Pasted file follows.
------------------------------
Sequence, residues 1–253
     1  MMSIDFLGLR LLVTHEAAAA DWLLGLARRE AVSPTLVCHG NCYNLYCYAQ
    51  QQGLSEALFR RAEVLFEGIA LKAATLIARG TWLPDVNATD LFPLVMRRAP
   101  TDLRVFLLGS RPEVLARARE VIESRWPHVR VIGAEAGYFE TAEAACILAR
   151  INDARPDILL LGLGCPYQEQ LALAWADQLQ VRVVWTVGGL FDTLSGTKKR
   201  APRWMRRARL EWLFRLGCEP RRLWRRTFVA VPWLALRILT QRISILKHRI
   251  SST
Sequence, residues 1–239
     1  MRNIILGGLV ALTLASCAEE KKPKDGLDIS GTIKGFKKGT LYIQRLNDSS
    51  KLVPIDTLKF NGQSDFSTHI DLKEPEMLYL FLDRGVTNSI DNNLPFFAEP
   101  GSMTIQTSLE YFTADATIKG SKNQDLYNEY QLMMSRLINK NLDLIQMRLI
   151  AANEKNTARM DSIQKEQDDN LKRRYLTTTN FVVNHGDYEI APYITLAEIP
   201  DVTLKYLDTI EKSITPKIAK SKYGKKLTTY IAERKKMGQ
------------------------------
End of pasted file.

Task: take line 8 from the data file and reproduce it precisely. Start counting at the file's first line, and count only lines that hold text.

Sequence, residues 1–239